Mama just wanted to
look pretty for high-stakes bingo night at the Seminole Casino.
But her beautician left the peroxide on too long, and she's been shedding like an Angora sweater ever since. Now, it turns out a patchy dye job is the least of my mother's worries.
It all started with a phone call. I was just about to plop down in front of the TV, wanting to see if I could spot any of my ex-boyfriends on Cops, when the damned thing rang.
"Mace, honey, you've got to come down here and help me. I'm in a lot of trouble."
Mama's voice was shaking. She sounded scared, like the time the raccoon came crashing from the attic through the bathroom ceiling while my little sister, Marty, was in a bubble bath.
"Slow down, Mama," I told her. "Now, take a deep breath."
My mother is excitable. I'm used to such calls. Maybe she needed me to solve a romantic crisis, or come pluck a snake out of the engine of her vintage turquoise convertible. I work outdoors in Himmarshee, Florida, in the wild regions north of Lake Okeechobee. I'm accustomed to snakes.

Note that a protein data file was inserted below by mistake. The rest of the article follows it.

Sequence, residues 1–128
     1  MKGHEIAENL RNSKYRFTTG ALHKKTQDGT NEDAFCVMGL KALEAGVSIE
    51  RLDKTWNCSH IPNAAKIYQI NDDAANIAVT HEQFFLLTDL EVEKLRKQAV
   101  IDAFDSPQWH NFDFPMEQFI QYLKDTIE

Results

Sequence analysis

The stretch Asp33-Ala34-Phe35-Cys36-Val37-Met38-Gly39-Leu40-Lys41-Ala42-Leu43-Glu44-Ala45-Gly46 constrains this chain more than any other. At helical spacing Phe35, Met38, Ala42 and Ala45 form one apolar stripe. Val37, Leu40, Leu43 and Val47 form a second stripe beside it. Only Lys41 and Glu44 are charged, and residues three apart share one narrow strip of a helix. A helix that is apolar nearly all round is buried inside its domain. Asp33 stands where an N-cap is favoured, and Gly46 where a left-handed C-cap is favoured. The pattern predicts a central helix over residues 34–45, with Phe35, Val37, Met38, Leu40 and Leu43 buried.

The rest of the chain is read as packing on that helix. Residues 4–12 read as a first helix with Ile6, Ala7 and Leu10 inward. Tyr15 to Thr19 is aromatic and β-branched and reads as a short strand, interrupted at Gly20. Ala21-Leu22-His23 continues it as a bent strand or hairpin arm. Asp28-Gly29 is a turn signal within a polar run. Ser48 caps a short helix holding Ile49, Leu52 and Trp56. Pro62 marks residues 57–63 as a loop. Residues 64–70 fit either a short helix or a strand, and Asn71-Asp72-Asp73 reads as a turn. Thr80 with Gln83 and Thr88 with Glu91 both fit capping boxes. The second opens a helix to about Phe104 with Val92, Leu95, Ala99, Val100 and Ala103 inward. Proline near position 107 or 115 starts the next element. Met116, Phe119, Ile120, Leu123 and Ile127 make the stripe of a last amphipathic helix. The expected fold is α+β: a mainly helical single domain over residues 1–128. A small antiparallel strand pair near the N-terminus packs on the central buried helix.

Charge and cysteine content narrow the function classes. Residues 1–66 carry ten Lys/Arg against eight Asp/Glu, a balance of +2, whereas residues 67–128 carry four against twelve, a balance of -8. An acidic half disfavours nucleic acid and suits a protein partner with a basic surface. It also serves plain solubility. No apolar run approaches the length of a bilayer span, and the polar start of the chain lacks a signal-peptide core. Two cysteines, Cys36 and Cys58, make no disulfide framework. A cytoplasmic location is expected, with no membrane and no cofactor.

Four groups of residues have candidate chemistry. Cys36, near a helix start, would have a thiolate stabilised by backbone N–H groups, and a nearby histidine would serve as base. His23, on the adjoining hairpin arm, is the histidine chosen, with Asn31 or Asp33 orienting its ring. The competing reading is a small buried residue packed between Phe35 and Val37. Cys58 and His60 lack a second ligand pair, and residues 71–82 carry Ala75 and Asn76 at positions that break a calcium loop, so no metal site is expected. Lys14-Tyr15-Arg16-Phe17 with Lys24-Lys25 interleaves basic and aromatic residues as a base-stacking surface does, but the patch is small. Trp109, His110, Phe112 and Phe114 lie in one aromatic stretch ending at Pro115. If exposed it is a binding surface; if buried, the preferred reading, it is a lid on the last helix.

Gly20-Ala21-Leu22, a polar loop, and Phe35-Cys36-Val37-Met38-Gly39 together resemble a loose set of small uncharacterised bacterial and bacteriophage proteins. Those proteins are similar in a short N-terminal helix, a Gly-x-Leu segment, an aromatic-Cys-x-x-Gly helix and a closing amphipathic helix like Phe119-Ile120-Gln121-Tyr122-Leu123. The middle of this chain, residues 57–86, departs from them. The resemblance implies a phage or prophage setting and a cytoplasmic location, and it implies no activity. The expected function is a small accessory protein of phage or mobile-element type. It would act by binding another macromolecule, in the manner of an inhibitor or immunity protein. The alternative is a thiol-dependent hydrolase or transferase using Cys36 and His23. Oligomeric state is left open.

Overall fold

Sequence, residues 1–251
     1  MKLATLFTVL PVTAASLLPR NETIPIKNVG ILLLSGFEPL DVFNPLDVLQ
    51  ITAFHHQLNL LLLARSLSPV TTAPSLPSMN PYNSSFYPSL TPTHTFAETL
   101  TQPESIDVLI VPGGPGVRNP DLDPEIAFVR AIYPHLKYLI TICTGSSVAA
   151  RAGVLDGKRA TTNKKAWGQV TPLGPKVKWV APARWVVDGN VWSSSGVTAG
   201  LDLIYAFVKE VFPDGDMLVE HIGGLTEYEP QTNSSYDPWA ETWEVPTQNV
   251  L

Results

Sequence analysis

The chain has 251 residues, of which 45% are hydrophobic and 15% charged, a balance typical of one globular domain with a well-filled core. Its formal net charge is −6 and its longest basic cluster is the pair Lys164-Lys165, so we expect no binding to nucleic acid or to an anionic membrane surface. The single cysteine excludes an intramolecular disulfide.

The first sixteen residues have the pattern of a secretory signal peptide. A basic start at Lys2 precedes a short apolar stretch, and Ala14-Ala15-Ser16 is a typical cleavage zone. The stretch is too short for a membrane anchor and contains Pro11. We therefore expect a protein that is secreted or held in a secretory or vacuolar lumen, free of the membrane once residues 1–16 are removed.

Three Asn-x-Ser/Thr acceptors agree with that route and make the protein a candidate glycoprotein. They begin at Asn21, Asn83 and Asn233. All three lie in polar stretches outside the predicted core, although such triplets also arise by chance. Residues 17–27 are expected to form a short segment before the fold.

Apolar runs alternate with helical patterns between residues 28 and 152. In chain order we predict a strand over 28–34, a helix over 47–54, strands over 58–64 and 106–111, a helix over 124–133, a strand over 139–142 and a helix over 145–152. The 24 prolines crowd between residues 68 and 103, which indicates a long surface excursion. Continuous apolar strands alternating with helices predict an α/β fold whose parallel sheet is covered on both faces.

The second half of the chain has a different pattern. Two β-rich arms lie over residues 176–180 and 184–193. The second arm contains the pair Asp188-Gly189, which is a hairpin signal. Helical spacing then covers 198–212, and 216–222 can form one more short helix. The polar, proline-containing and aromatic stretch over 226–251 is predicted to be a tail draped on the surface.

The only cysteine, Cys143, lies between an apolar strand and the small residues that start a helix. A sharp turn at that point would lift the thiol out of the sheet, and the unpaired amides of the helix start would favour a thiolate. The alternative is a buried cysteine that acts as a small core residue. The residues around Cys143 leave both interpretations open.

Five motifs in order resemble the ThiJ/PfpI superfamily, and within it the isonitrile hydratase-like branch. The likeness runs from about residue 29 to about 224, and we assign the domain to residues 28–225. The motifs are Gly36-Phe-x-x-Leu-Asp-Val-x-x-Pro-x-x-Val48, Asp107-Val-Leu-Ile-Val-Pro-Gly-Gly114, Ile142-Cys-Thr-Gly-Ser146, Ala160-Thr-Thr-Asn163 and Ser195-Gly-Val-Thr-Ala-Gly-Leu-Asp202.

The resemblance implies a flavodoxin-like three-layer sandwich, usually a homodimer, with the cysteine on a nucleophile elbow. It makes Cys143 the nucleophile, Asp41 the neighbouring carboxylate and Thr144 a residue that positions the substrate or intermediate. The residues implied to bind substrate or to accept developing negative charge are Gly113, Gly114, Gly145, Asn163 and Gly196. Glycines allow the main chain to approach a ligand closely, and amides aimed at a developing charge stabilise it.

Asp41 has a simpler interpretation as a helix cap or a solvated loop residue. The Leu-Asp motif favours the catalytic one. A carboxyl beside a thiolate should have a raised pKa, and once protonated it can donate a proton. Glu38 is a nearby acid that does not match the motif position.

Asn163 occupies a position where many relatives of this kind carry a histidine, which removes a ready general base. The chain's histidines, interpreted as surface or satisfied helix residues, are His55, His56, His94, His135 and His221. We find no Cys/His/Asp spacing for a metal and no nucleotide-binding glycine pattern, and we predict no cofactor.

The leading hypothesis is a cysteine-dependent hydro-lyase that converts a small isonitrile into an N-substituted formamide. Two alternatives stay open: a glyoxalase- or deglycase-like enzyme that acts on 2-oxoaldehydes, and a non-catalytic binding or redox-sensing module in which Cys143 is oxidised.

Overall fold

"Start at the beginning, and tell me what's wrong."
I heard a shuddery sigh, and then silence. She cleared her throat. Finally, she spoke.
"They've got me down here at the police station, Mace. They think I've killed a man."
If the kitchen counter hadn't been there for me to grab a hold of, I'd have fallen out flat on the checkerboard pattern of my linoleum floor. I leaned my back against the wall and slid down slowly until my butt hit the baseboard. There I sat, clutching the receiver and searching for the proper response when your mother announces she's got one foot behind bars for murder.
"Just sit tight and don't say another word. I'll be there as soon as I can."
I knew my advice would go untaken. The only time Mama's mouth is shut is when she's chewing on something.
"There was a man's body in my trunk, Mace."
A strangled sob came through the phone. Then the story started pouring out.
"There was an accident." All her words began to run together. "Everything started at the Dairy Queen. Or maybe at bingo. I'd ordered me a butterscotch dip. Then, two police cars came. I couldn't even get a second cone. A pretty young girl hit me. The man had a diamond pinky ring." She stopped for a breath. "You'd better call your sisters, Mace."
The ability to make sense deserts Mama under stress. That doesn't mean she stops trying. I needed to get to her before she conversated herself right into a correctional facility . . ."